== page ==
What’s ahead for 2018 balance sheets and income statements?
As interest rates slowly rise from their historic lows, we want to help pump up your farm financial fitness. Throughout March, we'll be sharing posts to help put your 2018 farm financials into the larger Canadian context and explain key financial tools as you go. Check back weekly to see where Canadian ag is going and how you can stay ahead.
Let’s dive into the difference between Canadian farm income statements and balance sheets in 2018.
Canada’s farm economy picked up again in 2017: what’s ahead for farm income statements?
We estimate Canadian farm cash receipts totaled CA$62.3 billion in 2017. That’s a 3.3% increase, despite a drop of roughly 1% in year-over-year average commodity prices. But although total farm operating expenses are estimated to have also climbed in the same period, we estimate the sector’s 2017 net cash income (revenues – operating expenses) at CA$16.3 billion, or a very healthy 6% above the record-high profitability reached in 2016.
Looking ahead, Canadian agriculture revenues should be stable in 2018, growing 0.5% from the estimated 2017 level. Stable farm revenues and small increases to expenses yield a bottom line in 2018 that we expect will be roughly equal to the 2016-2017 average of $15.8 billion.
What this means for you
Driving 2018 revenues will be continued strength in global demand for Canadian exports and a Canadian dollar remaining below the US$0.80 threshold levels.
However, profitability will face some pressure. Total operating expenses are projected up 2% to CA$46.7 billion in 2018, although they’re not likely to increase quickly. Oil prices are expected to average around US$60/barrel and the prices of key fertilizers aren’t projected to climb significantly.
As well, the global supply of agricultural commodities will likely climb faster than demand for many of the commodities Canada produces. But knowing this can help you anticipate the changes you may see in your income statement and identify efficiency gains needed to face revenues levelling out in 2018.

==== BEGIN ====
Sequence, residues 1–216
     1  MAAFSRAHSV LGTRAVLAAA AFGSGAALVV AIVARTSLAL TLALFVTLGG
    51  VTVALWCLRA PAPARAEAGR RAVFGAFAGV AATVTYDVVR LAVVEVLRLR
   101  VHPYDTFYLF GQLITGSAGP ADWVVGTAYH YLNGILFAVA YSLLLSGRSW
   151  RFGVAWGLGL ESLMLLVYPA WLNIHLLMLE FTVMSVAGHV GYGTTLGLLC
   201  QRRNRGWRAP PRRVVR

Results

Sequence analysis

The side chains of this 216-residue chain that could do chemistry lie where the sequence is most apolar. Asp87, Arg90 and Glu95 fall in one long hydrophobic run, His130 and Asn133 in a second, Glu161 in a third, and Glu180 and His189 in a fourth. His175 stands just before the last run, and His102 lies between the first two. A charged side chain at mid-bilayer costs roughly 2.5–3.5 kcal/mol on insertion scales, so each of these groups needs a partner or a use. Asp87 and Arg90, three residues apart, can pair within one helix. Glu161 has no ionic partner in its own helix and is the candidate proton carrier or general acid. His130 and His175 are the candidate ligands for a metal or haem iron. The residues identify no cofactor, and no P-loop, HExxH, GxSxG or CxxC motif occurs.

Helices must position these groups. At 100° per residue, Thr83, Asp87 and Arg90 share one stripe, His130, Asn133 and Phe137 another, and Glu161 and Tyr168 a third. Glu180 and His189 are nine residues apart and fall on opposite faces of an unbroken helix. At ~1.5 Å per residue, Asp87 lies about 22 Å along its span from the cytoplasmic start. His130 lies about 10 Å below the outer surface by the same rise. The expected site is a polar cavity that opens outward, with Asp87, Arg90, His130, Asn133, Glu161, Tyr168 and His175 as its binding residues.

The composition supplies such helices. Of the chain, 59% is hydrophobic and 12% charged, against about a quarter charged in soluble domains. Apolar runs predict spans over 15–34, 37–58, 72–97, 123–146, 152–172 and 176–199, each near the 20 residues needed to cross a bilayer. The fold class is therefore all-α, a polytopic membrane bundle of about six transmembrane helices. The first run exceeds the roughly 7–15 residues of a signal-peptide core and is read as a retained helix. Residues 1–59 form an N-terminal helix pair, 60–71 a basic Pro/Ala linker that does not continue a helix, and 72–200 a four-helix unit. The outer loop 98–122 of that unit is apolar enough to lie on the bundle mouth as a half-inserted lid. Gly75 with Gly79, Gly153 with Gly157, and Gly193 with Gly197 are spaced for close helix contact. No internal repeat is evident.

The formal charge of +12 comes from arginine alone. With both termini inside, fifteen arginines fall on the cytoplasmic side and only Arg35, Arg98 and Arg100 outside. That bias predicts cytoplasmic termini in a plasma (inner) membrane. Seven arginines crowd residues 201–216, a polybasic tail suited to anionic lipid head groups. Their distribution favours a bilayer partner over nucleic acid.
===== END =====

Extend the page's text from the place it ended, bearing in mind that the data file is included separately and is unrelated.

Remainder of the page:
Overall asset values, debt expected to increase in 2018
Land is usually the largest farm asset.
Our analysis suggests that the value of land and buildings climbed in 2017, perhaps as much as 5 - 6%. We project a 2 - 3% average increase in farmland values in Canada in 2018, in line with average annual productivity gains in crops and livestock. This would continue Canadian land values’ upward trend, although we expect it climbed at a slower pace than in previous years.
These projections, however, are uncertain until FCC publishes the actual movement in average farmland values on April 23. The ambiguity arises because of the lag between the date the Bank of Canada changes rates and the time when those changes are fully reflected in the economy. Even though the Bank increased rates twice in 2017, both increases occurred in the last half of the year. The timing may not have limited land purchases in that period. 2018 may prove to be a different story.
That anticipated growth in farm asset values in 2017 and 2018 helped push FCC’s December 2017 debt projections slightly upward for both years. We expect soon-to-be-released data will show farm debt outstanding grew at least 6% in 2017. We expect it to grow 4 - 5% in 2018, a slowing of the growth rate due to higher borrowing costs.
Debt likely grew faster than asset values in 2017 – and it should continue to do so in 2018. However, net worth (owners’ equity, or assets - liabilities) across Canadian agriculture is still expected to climb. That’s generally good news—and it speaks to the sector’s resiliency and optimism. Canadian farm equity has continued to grow despite softer commodity prices, thanks in part to the buffering effect of the dollar on overall revenues.
I say this with one caution: The lower total net income expected across Canadian agriculture in 2018, combined with the overall sector’s growing equity, suggests we’ll see a lower rate of return on equity in 2018. Rising interest rates and declining income can impact the growth rate of equity, especially for farms that are highly leveraged.
Help your business stay profitable in the current environment of stable farm revenues and rising interest rates. Stay tuned over the next few weeks as we dig into the financial performance of Canadian agriculture.
Are you comfortable using financial statements to better manage your operation? A good place to start is your accountant or an FCC Relationship Manager.
J.P. is the Vice-President and Chief Agricultural Economist at Farm Credit Canada. Prior to joining FCC in 2010, J.P. was a professor of agricultural economics at North Carolina State University and Laval University. He also held the Canada Research Chair in Agri-Industries and International Trade at Laval. J.P. is Past-President of the Canadian Agricultural Economics Society. He obtained his Ph.D. in economics from Iowa State University in 1999.